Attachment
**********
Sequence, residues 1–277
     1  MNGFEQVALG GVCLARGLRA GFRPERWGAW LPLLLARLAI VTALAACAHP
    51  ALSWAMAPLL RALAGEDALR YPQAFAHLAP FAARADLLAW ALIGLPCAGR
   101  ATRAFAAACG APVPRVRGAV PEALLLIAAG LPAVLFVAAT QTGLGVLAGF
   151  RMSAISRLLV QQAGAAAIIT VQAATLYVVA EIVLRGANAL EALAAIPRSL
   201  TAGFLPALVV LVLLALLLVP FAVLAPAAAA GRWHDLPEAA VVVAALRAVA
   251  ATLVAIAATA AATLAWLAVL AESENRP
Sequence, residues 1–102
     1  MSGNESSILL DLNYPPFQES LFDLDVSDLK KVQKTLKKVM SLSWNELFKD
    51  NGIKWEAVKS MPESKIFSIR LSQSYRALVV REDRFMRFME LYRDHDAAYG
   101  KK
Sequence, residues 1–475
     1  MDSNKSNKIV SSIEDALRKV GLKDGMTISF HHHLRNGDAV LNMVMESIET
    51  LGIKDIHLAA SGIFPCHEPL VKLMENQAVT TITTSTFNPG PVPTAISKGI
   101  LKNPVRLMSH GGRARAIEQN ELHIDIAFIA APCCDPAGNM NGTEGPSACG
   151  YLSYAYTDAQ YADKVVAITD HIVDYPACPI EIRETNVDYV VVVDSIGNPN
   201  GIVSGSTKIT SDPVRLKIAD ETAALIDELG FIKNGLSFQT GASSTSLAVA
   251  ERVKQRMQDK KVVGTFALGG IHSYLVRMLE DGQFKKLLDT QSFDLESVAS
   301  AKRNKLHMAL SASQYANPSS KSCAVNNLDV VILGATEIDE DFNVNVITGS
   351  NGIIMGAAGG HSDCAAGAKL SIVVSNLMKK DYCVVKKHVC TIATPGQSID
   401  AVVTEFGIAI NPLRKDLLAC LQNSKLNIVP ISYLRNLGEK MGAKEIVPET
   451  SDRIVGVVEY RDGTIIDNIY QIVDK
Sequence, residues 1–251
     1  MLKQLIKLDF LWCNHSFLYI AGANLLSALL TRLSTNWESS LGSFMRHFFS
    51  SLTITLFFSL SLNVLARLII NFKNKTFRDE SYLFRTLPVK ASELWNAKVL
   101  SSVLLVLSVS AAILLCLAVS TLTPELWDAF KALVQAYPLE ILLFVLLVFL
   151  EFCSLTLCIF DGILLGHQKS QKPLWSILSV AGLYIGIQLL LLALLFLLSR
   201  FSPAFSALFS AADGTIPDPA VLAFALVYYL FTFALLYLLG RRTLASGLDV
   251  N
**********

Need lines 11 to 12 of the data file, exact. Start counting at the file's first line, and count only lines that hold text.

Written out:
   101  KK
Sequence, residues 1–475